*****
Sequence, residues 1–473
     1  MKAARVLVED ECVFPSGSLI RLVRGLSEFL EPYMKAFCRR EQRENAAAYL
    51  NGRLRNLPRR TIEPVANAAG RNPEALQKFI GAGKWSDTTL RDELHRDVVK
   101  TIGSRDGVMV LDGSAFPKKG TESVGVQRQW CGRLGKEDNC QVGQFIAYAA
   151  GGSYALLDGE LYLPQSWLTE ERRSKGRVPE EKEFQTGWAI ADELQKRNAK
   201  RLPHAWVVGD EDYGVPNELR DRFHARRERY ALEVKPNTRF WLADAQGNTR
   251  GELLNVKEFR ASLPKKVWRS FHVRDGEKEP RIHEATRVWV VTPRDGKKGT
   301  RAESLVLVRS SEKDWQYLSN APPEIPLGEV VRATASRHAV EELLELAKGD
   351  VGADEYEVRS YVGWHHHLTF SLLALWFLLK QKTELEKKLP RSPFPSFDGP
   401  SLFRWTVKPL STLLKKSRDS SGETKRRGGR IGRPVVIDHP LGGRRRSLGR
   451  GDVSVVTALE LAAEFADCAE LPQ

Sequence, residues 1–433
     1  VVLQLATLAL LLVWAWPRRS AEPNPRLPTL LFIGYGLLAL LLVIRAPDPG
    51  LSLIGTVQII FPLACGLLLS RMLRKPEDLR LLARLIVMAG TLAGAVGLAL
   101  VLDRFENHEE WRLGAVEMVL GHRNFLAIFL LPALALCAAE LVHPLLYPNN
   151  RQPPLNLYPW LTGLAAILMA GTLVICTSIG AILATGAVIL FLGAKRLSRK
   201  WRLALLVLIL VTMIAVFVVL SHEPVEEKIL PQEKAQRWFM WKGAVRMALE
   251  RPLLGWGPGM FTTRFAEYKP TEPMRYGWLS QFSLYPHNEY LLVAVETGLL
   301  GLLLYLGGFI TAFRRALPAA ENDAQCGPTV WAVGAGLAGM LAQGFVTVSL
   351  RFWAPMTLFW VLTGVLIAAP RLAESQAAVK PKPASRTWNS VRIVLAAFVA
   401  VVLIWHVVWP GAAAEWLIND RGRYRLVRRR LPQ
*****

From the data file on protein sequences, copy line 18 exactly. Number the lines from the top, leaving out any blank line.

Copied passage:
   251  RPLLGWGPGM FTTRFAEYKP TEPMRYGWLS QFSLYPHNEY LLVAVETGLL